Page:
Electricity and water together for sustainability

Althesys Strategic Consultants, in partnership with Enel Foundation, has carried out the study Energy for water sustainability, a research that aims to display possible synergies between hydro and electrical sector in order to develop sustainability in both industries.  Alessandro Marangoni, CEO of Althesys Strategic Consultants, with Giuseppe Montesano, Deputy Director of Enel Foundation, presented the study during a webinar on October 21, in which they drew with other stakeholders a possible national strategy for water supply security.

The study faces water-energy nexus in Italy and aims to propose policies and best practices that will foster actions and investments for managing and making a better use of both water and energy. In this direction, the research shows how considering water and energy resources in an integrated way can help achieve several sustainability goals. It also describes all needed actions to strengthen synergies between the two industries.

The work estimates that the set of possible actions leads to a potential contribution of 5.9 TWh per year of additional electricity, with an additional water availability of approximately 2.8 billion cubic meters.

The transformation of the energy sector and the acceleration of the effects of climate change are making the link between energy and water ever closer. The management of water and energy resources is also a key element not only of environmental policies but also of economic and industrial ones. The progressive reduction of water availability globally is combined with the increase in energy consumption. There are numerous interactions between water management and the current and potential activities of the electricity industry.

The different sectors of water use (agriculture, civil, industry, energy) are evolving towards more efficient management, also driven by international and European policies. At the same time, to respond to climate change, resilient infrastructures are increasingly needed, as well as collaborations between the various parties involved: from utilities to industrial companies, from farmers to communities, from local authorities to national institutions.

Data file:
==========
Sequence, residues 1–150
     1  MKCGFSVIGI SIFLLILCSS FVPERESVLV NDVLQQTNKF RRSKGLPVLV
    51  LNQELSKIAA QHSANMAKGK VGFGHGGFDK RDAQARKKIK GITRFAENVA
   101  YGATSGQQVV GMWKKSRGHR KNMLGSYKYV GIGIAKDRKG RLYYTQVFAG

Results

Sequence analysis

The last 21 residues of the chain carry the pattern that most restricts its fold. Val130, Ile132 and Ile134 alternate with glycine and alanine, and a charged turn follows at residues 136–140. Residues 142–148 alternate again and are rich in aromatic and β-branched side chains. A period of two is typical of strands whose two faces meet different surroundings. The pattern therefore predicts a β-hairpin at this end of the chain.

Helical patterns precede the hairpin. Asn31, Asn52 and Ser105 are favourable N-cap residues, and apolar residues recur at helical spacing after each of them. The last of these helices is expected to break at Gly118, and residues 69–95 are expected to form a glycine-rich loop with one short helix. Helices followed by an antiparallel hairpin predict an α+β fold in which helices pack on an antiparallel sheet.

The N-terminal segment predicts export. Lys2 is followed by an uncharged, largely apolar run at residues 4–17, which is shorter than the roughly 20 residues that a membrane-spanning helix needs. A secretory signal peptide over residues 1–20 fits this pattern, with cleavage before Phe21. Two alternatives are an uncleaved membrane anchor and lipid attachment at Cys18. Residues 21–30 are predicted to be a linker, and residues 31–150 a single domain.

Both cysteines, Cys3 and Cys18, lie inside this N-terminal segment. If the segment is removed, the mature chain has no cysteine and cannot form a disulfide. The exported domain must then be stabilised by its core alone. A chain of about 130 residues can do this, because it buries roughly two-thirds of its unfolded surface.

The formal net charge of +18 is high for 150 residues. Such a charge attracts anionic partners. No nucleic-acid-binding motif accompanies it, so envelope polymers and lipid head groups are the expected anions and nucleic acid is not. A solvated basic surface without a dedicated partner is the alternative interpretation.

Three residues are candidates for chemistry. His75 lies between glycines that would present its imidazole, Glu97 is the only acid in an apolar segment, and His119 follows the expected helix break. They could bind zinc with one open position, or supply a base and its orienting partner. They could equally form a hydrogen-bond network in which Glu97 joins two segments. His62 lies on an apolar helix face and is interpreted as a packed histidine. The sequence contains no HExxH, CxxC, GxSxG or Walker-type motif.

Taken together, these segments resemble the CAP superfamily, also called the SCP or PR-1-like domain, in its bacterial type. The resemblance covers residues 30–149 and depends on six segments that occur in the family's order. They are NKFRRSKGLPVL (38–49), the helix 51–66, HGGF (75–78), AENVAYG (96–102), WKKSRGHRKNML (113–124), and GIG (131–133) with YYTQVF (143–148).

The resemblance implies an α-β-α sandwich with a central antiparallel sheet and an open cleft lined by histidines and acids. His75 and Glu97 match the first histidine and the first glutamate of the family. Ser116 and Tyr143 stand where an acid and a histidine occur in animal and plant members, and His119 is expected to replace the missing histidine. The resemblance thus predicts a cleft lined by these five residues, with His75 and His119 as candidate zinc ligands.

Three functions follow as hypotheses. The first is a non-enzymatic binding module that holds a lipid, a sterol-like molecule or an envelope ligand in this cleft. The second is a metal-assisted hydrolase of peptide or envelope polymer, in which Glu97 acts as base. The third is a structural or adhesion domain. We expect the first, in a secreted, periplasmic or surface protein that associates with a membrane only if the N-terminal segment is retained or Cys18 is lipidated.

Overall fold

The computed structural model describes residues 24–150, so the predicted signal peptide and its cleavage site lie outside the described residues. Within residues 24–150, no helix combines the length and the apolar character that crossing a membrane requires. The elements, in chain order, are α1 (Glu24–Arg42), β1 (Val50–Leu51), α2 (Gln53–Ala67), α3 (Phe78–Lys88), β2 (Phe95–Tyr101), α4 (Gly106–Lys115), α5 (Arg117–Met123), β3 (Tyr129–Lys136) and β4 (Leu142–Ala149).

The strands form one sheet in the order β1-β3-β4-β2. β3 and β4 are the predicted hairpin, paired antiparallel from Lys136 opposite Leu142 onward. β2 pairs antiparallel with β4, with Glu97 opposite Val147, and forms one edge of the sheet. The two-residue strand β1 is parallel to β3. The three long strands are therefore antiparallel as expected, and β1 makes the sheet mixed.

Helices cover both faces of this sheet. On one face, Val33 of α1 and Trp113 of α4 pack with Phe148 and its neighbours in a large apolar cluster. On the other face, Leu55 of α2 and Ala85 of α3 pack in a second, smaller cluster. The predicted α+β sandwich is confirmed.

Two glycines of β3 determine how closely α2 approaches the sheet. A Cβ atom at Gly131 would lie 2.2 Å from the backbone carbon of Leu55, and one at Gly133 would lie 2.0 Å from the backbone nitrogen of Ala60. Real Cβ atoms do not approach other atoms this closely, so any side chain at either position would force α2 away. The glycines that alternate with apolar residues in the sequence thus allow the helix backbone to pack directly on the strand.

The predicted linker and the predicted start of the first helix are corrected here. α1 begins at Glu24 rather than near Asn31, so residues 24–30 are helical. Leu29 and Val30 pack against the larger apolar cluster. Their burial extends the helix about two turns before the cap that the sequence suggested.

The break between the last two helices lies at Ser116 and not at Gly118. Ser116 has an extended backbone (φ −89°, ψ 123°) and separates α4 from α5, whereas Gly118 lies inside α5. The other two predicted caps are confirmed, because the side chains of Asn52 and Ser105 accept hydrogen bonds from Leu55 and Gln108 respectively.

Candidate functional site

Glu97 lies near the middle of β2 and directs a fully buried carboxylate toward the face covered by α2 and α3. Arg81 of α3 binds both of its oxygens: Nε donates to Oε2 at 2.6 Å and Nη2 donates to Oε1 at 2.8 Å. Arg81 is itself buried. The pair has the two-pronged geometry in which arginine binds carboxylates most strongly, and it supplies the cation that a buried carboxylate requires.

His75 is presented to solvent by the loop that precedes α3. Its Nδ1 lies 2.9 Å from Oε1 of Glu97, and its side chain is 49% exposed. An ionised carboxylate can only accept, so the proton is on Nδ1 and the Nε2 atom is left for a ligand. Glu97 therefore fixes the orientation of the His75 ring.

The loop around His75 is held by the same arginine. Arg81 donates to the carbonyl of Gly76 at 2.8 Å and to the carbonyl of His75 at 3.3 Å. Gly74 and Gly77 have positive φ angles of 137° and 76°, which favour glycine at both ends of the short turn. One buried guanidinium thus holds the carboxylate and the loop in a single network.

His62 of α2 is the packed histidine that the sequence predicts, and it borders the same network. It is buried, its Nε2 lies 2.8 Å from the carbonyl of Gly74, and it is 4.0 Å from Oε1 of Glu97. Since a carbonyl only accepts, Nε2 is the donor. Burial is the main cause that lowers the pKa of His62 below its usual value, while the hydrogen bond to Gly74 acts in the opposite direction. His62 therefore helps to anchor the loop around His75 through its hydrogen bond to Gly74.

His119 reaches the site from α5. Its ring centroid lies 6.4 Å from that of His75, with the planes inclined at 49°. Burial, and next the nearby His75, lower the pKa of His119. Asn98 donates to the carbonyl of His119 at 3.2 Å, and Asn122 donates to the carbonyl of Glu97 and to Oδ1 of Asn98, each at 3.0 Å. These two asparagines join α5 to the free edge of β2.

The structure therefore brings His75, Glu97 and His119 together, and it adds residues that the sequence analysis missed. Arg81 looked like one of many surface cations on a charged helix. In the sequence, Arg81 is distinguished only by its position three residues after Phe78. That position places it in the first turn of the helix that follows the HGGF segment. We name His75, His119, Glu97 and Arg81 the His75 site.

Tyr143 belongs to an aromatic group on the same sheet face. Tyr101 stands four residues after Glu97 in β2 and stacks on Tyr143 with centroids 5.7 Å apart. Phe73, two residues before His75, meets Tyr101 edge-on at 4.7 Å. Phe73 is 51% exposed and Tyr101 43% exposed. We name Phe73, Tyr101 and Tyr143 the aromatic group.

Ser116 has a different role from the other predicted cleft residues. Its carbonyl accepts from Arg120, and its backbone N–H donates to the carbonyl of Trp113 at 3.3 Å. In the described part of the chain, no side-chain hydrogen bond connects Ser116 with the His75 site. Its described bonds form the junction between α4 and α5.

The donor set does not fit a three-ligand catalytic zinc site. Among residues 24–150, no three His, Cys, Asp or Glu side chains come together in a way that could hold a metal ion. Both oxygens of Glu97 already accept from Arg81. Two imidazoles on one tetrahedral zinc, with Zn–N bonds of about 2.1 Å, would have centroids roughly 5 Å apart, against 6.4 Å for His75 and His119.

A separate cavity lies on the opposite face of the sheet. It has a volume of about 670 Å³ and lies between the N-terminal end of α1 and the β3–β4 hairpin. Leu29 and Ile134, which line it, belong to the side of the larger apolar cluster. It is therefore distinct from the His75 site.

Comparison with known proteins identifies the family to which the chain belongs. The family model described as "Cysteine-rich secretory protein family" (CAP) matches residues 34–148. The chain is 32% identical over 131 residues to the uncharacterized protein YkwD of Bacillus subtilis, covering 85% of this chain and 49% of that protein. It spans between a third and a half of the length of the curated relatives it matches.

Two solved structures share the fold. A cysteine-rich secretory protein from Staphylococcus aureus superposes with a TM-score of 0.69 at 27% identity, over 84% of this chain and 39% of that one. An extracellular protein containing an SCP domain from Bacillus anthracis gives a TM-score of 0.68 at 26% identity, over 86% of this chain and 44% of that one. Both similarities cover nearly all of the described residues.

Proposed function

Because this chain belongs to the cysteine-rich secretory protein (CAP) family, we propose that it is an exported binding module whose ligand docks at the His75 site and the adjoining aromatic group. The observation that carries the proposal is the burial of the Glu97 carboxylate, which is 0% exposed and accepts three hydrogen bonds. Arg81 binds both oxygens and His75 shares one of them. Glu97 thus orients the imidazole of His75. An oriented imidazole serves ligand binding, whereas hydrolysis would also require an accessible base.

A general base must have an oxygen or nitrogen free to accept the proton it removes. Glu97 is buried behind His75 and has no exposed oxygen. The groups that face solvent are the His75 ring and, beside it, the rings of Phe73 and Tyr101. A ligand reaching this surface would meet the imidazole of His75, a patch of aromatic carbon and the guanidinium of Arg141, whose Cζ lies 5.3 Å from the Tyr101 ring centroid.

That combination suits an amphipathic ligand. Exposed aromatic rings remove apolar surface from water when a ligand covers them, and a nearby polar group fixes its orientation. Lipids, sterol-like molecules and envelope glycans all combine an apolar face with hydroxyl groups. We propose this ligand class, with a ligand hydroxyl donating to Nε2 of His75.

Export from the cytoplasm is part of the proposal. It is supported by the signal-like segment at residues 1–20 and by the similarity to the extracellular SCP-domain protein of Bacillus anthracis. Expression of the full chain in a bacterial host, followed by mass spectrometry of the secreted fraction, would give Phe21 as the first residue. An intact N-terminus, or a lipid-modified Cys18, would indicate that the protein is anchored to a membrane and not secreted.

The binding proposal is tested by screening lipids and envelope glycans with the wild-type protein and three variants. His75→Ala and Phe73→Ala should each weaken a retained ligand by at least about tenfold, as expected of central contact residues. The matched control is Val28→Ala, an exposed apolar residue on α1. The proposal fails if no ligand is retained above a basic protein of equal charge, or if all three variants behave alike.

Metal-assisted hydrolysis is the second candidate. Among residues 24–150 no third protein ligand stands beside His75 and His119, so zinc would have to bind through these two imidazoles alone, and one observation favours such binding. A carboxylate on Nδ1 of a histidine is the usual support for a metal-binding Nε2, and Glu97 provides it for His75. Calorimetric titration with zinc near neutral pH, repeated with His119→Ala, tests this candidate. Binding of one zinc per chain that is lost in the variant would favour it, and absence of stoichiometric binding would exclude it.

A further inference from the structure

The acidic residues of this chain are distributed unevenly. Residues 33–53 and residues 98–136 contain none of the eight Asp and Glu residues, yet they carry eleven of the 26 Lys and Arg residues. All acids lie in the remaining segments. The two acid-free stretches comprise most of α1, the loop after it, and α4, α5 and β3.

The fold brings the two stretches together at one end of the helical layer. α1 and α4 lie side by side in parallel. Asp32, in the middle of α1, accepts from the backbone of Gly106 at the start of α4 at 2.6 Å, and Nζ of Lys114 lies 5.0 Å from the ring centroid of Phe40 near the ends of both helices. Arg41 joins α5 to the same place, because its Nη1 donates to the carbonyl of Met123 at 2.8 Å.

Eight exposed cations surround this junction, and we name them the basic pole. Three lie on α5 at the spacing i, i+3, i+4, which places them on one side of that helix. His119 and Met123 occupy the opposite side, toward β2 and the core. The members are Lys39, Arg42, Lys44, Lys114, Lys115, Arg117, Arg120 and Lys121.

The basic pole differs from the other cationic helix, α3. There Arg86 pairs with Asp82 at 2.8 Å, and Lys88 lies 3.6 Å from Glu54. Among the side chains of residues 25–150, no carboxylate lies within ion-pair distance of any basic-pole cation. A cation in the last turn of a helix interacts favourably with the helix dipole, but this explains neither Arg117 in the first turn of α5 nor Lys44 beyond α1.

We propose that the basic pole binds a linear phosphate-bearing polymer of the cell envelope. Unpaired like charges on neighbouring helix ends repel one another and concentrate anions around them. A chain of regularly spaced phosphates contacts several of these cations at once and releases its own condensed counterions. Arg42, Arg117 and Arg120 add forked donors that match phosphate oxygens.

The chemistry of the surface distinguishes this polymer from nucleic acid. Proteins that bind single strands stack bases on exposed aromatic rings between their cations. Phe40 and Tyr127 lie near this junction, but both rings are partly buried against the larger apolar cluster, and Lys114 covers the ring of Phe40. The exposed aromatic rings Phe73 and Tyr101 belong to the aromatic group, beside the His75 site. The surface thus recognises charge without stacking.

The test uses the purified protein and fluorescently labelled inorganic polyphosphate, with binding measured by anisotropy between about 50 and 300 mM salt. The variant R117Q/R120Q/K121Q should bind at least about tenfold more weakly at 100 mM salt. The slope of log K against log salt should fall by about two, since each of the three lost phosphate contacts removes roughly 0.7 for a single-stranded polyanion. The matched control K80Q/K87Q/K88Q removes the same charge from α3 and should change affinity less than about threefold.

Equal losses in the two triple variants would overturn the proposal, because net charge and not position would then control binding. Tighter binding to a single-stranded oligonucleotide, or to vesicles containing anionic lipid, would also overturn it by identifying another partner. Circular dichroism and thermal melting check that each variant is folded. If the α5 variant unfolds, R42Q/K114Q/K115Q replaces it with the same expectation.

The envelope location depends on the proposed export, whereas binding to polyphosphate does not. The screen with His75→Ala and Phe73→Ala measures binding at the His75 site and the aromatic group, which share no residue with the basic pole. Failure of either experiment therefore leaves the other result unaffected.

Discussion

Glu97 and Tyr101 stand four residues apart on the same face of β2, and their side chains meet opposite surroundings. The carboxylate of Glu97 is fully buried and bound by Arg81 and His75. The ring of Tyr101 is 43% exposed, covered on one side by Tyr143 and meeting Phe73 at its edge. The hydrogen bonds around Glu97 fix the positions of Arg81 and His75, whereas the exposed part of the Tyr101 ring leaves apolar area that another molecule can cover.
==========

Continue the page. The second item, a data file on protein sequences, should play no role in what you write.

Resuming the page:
We need an integrated management of water resources and their uses. The electricity sector is developing greater resilience, in order to guarantee both energy and water supply security. This result can be achieved while increasing the efficiency of plants and processes and the incidence of renewable sources in the fuel mix.

In this context, some activities of the electricity industry, in addition to the traditional hydroelectric, can offer solutions to optimize water management. In parallel, some water infrastructures can offer development opportunities for the electricity system.

The contribution of the electricity sector to water sustainability can be significant, bringing multiple benefits in terms of water saving and protection of the territory. The areas of intervention can be different: technologies for renewable sources, desalination, geothermal energy, hydroelectric pumping, widespread basins, etc.

The development of renewables, in particular, can lead to very significant water savings in the energy sector. Thanks to a significantly lower water footprint compared to other sources, wind and photovoltaic could reduce water consumption in Europe by up to 1.6 billion m 3 by 2030, equivalent to the annual consumption of citizens of a nation like Germany.

To achieve supply security, both water and energy, the firm puts forward a series of proposals that involve the various sectors (energy, industry, agriculture, utilities) in a coordinated way with a view to multiple use of the resource. The guidelines for drawing up a national strategy are divided into some main areas.

The completion of the unfinished works still present in our country would allow an additional electricity production estimated at almost 30 GWh per year with an additional water availability of about 850 million cubic meters.